Coming Face-to-face with “Why?”


“Why do you think God let that happen to you?”

I’ve asked myself that question before, but when my friend asked me across a cup of coffee today, I wasn’t quite ready to put my answer into spoken words. I stared out the window at the rain pouring down on Hawthorne Boulevard and tried to pull my thousand jumbled thoughts together.

We’ve talked about my abuse here before. It’s not a new topic. And, in fact, we’ve discussed this question, phrased differently, before. But each time we discuss it, I’m able to get a slightly different perspective of God, and I’m able to understand Him better, and trust Him more deeply. So, I decided that since this came up today, it’s a perfect time to revisit it.

Today, when I finally reined my thoughts in and shared them with my friend, it came out something like this:

We say, “Why did God LET that happen?” But the truth is, God never wanted that abuse to be enacted upon me. He gave my abusers free will, and they chose to enact those behaviors on me. God didn’t want it to happen to me, but He stayed with me while it did. Because He was with me, I survived it. And because He’s still with me, now He takes those bad things that have happened to me and turns them into something good. I can comfort others. I can help them to process what they’ve been through. I can give them hope.

We say, “Why did God let that happen?” But if we ask that question, we also have to ask why He lets the good stuff happen. I could ask why I lost my job—with no warning—three weeks ago. But if I do, I also have to question why God blessed me with a new job to replace that one already. (I mean, seriously, in this market? Finding a new job within three weeks? That’s the work of God, y’all!)

What it all comes down to is that the rain falls on the just and the unjust. None of us are going to have perfect lives. But is God with us when the bad things happen? Is He helping me through them? Is He planning something good to come out of it? And the real bottom line, as Andy Stanley asks, “Will I trust that God has my best interest in mind?”

I may not understand why life looks the way it looks. I may not understand why things happen as they do, or what their outcome will be. But I trust that though I don’t understand it, He’s never going to abandon me in the middle of it.

“There has never been the slightest doubt in my mind that the God who started this great work in you would keep at it and bring it to a flourishing finish on the very day Christ Jesus appears.” Philippians 1:6 MSG

This post is part of our weekly book discussion on Andy Stanley’s book, “The Grace of God.” You don’t have to read the book to discuss. Feel free to leave your comments below. If you have written a response to this week’s chapter, please drop by my co-facilitator, Jason Stasyszen’s place, to link it up at the widget. 

About Sarah Salter


  1. We don’t understand so many times that God is with us in those darkest of moments when someone else has hurt, diminished, or abused us as they act out of their own pain, rejection, abuses, or whatever else. He’s there and He weeps with us. At the same moment, He is setting things in motion to work it all for redemptive purposes. All is grace… I just can’t get away from that. Thanks Sarah. Good stuff here.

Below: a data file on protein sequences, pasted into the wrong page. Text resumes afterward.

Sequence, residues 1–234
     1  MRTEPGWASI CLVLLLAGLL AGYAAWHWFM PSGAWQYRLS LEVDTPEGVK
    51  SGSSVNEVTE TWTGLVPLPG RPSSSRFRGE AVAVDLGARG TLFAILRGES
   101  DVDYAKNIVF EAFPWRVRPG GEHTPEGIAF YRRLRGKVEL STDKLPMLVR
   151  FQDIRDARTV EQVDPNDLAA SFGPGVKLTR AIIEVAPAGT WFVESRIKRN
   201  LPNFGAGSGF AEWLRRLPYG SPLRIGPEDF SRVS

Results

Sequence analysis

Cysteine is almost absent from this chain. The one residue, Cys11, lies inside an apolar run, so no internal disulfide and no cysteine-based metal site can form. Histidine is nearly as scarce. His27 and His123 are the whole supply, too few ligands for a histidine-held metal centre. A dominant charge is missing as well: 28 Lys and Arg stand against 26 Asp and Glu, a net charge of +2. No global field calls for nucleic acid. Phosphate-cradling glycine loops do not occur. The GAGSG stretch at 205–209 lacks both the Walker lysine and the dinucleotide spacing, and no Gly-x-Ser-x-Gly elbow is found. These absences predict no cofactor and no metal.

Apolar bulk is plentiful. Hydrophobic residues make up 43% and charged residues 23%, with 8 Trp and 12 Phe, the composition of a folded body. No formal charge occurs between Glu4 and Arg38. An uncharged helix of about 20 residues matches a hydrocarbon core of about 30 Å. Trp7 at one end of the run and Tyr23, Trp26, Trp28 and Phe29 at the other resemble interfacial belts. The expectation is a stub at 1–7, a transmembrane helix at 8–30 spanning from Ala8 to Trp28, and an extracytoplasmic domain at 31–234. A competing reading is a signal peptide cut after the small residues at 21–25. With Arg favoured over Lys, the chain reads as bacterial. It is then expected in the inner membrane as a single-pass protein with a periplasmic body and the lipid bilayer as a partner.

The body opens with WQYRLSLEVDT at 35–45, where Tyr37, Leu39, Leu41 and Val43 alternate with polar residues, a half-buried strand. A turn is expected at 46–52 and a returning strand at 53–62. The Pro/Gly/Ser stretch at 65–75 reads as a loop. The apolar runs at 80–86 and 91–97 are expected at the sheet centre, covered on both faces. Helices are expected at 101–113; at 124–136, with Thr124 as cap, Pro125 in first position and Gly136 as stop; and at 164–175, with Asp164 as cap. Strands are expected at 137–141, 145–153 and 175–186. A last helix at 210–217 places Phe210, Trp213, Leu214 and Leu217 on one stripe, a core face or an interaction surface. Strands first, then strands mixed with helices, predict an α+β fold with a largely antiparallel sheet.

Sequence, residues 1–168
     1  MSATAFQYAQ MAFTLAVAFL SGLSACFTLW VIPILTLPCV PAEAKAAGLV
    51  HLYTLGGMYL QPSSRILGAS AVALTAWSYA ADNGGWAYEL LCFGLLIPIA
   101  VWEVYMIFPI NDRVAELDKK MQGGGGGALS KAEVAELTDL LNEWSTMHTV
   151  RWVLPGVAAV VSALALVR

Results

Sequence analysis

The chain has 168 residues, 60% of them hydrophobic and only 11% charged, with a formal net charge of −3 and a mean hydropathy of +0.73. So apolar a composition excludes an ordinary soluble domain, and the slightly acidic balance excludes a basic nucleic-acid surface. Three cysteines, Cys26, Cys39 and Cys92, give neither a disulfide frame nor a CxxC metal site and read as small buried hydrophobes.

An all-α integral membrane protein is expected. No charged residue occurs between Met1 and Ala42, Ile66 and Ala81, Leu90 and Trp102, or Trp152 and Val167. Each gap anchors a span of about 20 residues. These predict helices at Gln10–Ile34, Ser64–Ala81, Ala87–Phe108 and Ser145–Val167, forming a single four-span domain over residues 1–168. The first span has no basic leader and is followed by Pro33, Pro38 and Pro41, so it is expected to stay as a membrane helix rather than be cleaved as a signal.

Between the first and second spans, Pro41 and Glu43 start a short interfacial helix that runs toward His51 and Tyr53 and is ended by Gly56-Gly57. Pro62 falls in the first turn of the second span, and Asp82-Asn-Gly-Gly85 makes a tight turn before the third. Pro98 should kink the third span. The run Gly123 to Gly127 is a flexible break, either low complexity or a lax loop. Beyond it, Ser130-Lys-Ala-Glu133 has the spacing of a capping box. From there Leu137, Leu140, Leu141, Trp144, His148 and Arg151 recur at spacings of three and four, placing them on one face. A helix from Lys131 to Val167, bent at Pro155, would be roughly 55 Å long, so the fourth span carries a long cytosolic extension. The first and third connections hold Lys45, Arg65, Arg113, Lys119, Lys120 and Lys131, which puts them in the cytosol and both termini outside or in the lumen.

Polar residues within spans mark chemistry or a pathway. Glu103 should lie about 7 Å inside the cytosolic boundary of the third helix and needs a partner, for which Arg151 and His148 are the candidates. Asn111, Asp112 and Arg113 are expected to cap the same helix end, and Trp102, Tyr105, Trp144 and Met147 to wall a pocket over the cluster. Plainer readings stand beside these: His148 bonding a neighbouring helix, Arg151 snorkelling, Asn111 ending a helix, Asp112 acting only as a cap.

2. There are so many very hard questions about the very real pain and loss that is part of life on this world.

    You reminded me that it’s been awhile since i visited the shops on hawthorne. Pastaworks and powell’s bookstore etc… will wait for a warmer and drier day.

  3. Sarah Salter says:

    Jason, All is grace. And that’s a reminder I’m finding that I need EVERY. SINGLE. DAY.

  4. Sarah Salter says:

    Nance, I thought about going to Powell’s yesterday when I left Peet’s Coffee & Tea. But my budget’s a bit too tight. 🙂

  5. As I read your post, I was reminded of something I wrote a while back:

    “If God has never forsaken those who seek Him, why did/does these things happen? That is where our minds go. In going there though, we have misaligned our focus. We have allowed the temporary to derail our view of the eternal. And it is so easy to do at times.

    But to know God intimately, is to know that this world and this moment are just a passing thing. To know Him intimately is to recognize, He has prepared for us a perfect place far greater than anything we could experience here – a home in heaven with Him.”

  6. I wasn’t able to post on this chapter, but the timing of it is apt with what happened in OK with the tornado’s….so many are asking WHY?
    As I listen to news accounts and people trying to rationalize it, it saddens me to think some people are going through such a hard time without God and some have a wrong view of God.

    Thanks for sharing, this post. Really enjoyed reading this chapter.

  7. Sarah Salter says:

    Good word, Dusty!!

  8. Not sure what happened, but my comment last week didn’t go through- I’m sorry.
    Thank you for sharing this personal information. Our testimonies high light God’s grace in our lives…even in our worst pain.
    I can’t remember what all I wrote originally. But Good post. Glad I came back to read it again!

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